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by Nemanja Jovanović
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With the recent 35th anniversary of a disaster, popular series about it as well as recent signs of renewed heating up, Chernobyl once again came under the spotlight. Even without such recent trends, as the most serious nuclear disaster in human history, the Chernobyl meltdown is without a doubt a topic that has a long half-life. However, most research and stories revolve either upon what caused the catastrophe or the effects of its radiation on health and ecology. Yet, another interesting question that can be asked is if and how did the Chernobyl disaster contribute to the dissolution of the Soviet Union.

Short story with never-ending consequences

Meltdown and immediate response

On April 26th, around 01:23 AM, a critical failure of Chernobyl’s reactor No. 4 led to a nuclear meltdown, followed by a raging fire and steam explosions. Ironically, the disaster struck during a scheduled safety test. The test was supposed to recreate conditions of a power outage, aimed at creating a procedure for maintaining cooling with water circulation until backup generators could restore the proper functionality of the reactor. Such tests have been carried out since 1982 when a possible safety hazard was noticed with the startup time of diesel generators which would leave the reactors without proper cooling for over a minute. The solution was to use residue power of the reactor’s turbine to power the pumps for at least 45 seconds, reducing the risks. However, even with installed modifications, none of the tests proved successful.

The test in 1986 was planned for April 25th, during the scheduled reactor shut down. However, minutes before the test began, the city of Kyiv asked for postponement as a failure of another power plant left the grid with an electricity shortage. Thus, the testing resumed later that evening, when the less prepared night shifts took over the plant. Around midnight, the test began. However, within thirty minutes the first issues arose. The reactor power declined sharply, a problem erroneously circumvented by removing control rods. Despite the ominous start, the test continued. By 1 AM, the reactor seemed somewhat stable, though still below the desired power level. The test preparations continued, beginning the experiment at 01:23 AM, adding additional stress to an already unstable reactor, starting a chain reaction that within less than 60 seconds led to at least 2 explosions, which scattered radioactive debris and started a fire both in the reactor as well as the rest of the plant.

A photograph of a blown-up building that housed reactor No.4 in Chernobyl.

A photograph of a blown-up building that housed reactor No.4 in Chernobyl.

Within minutes, firefighters arrived at the scene, combating the fire which put other reactors in danger. At the same time, most of the plant staff continued to work on containment. Both groups were either unaware of an incredible amount of radiation or working despite it due to their sense of duty to protect others. By the early morning, around 6 AM, all the fires apart from the one in the core were put out, while other reactors were in process of shutting down. Nevertheless, the nuclear cat was now out of the bag.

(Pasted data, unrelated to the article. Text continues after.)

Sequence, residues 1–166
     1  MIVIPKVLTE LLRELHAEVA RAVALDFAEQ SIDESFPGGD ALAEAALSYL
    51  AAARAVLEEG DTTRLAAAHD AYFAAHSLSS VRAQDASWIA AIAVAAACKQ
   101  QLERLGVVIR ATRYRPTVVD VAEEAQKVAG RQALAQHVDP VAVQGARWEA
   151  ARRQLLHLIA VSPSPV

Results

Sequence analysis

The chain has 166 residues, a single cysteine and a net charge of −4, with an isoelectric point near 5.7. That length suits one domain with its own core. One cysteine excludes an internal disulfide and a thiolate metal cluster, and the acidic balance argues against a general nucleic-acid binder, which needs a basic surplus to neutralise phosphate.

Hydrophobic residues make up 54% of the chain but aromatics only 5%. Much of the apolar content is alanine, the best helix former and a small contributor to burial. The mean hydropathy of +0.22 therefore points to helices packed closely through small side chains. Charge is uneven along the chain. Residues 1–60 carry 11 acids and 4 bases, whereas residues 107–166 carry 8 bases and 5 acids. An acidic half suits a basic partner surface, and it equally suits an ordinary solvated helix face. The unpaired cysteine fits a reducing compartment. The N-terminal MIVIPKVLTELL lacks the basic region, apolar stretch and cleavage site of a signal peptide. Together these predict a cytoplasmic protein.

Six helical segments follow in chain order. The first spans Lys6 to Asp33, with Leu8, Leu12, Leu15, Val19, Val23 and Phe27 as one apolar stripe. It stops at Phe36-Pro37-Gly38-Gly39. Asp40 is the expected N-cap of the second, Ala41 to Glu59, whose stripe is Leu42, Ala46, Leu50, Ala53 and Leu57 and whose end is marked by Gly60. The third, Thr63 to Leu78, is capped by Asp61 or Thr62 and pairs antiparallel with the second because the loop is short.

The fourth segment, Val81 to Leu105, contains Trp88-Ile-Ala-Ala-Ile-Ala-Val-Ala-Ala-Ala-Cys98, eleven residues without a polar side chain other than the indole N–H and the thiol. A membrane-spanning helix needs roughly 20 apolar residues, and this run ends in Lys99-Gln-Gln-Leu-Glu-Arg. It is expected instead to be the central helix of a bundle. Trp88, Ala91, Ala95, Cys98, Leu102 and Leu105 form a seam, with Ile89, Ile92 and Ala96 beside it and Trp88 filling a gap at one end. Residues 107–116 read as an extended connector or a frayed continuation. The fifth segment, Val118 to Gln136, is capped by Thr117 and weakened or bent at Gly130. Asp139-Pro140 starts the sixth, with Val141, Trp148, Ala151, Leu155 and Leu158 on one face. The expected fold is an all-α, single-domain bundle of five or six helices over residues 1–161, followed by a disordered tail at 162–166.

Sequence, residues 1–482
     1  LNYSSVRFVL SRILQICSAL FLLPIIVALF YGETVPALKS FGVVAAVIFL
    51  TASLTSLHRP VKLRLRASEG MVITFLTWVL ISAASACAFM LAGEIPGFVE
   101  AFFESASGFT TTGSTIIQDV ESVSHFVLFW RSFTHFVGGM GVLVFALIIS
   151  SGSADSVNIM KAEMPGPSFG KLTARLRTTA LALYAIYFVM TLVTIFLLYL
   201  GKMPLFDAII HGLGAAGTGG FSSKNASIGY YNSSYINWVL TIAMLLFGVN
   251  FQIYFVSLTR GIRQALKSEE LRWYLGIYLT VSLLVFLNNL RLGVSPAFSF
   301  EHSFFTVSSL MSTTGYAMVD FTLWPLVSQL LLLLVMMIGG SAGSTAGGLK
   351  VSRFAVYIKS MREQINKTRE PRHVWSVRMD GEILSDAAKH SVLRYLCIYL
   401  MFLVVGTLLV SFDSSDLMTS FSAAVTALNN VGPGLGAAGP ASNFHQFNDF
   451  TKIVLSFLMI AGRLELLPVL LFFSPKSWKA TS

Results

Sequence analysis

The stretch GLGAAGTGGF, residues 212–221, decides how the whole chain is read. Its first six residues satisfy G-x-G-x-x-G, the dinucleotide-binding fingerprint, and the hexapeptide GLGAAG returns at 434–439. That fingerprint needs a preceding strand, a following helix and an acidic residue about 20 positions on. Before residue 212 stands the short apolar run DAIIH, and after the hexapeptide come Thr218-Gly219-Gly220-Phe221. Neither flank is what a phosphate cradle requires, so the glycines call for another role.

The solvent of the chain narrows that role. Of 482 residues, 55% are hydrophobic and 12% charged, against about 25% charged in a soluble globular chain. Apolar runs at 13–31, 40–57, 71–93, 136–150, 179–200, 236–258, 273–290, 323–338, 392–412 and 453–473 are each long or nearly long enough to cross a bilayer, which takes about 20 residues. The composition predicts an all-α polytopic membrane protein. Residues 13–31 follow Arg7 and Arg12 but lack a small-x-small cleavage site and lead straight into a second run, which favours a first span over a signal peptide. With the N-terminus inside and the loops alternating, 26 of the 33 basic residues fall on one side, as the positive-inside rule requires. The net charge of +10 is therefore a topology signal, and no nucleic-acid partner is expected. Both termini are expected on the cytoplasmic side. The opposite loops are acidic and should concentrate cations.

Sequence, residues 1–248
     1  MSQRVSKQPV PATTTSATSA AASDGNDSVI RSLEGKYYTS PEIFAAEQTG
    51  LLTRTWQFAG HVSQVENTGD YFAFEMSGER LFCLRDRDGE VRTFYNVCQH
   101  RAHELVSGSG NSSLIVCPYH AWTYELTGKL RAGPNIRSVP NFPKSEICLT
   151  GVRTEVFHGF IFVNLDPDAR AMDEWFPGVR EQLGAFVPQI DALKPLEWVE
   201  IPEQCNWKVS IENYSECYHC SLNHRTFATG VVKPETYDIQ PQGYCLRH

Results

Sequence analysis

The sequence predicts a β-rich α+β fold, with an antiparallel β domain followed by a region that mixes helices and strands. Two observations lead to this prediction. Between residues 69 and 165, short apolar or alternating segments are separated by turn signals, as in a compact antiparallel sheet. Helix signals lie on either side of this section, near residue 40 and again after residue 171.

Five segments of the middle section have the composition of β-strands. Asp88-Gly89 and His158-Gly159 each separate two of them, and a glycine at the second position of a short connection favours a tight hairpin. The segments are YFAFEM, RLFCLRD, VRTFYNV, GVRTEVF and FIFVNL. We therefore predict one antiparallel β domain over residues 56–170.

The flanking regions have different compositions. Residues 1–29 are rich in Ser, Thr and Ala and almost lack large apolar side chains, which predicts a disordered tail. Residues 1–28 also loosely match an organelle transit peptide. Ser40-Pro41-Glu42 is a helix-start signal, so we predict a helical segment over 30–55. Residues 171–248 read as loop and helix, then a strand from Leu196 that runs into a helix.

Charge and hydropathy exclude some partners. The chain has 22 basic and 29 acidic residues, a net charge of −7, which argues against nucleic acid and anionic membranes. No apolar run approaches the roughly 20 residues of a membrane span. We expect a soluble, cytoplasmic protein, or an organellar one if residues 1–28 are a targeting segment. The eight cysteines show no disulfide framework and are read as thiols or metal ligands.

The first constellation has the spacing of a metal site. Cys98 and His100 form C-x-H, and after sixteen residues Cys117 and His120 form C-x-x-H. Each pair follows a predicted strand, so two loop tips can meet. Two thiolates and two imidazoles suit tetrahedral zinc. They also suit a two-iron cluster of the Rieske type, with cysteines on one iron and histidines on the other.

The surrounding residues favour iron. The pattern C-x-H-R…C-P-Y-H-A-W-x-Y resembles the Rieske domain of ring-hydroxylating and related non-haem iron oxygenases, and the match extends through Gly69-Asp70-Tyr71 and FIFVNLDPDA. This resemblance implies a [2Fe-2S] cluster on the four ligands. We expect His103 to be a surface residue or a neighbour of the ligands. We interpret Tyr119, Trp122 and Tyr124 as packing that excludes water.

Government response and shifting blame

By then, it should have been clear it was a major disaster that required a quick and organized response from the authorities. However, from the local party cadres, all the way up to the Kremlin, bureaucracy and inner politics bogged down the decision-making. Most notable was the fact that evacuation of Pripyat, a service town for the nuclear power plant, began only in the early afternoon of April 27th. Furthermore, the news about the incident was publicly announced in the evening of the following day, claiming it was only a minor accident. Earlier on 28th, Swedish nuclear power plant detected high levels of radiation over 1000km away from Chernobyl, asking the Soviets if anything happened on their territory. The Kremlin admitted that a limited nuclear accident did occur, but only after the Swedes threatened with a report to the International Atomic Energy Agency (IAEA).

Evacuation of Pripyat on April 27th, 1986. from

Evacuation of Pripyat on April 27th, 1986. from

All the while, tens of thousands of workers and soldiers continued to work on containment and cleanup, pouring liquid nitrogen, trying to cool down the reactor, filling the core with various materials to slow radioactive emission, pouring first layers of concrete, and cleaning the debris. Despite all that, the fire inside the core burned until May 10th, continuously releasing more and more radioactive particles into the air. In contrast with the severity of the disaster, the Soviet government reacted rather lukewarmly. The May parade in Kyiv was held as planned, no warnings or detailed accounts were published. It was only on May 6th that the officials in Ukraine closed down schools, advising people to stay indoors as much as possible and avoid eating leafy vegetables. In the upcoming days, the truth started to come out, crowned with Gorbachev’s first public announcement on May 14th, claiming the worst had passed.

In the following weeks and months, the Soviet government continued to work on cleanup of radioactive debris, construction of the famous concrete sarcophagus, and resettling hundreds of villages both in Ukraine and Belorussia. By then, most of the world was aware of the severity of the disaster, as radioactive clouds reached western Europe as well. Thus, an IAEA conference was held in late August, where the brunt of the blame fell on power plant operators, largely disregarding design flaws of the reactor, bureaucratic mishandling of the plant and other contributing factors. Thus, by early 1987, it seemed that for the Kremlin, the worst had really passed.

The “fallout” of the Chernobyl

Soviets in front of the world

The Chernobyl disaster put a lot of international pressure on Moscow, as the radioactive fallout spread across Europe in the weeks following the accident. Even worse, the initial denial made them even more suspicious to the westerners, who were quick to exploit the opportunity in the Cold War rhetoric. US President Ronald Regan immediately used the opportunity to emphasize the evilness of the Soviet regime as it refused to communicate openly with both the world but also the Soviet citizens. In essence, he pressured Gorbachev to position the Kremlin more in line with his proclaimed “Glasnost” policy of increased openness and honesty of the Communist Party.

Meeting between Ronald Regan and Mikhail Gorbachev in late 1986.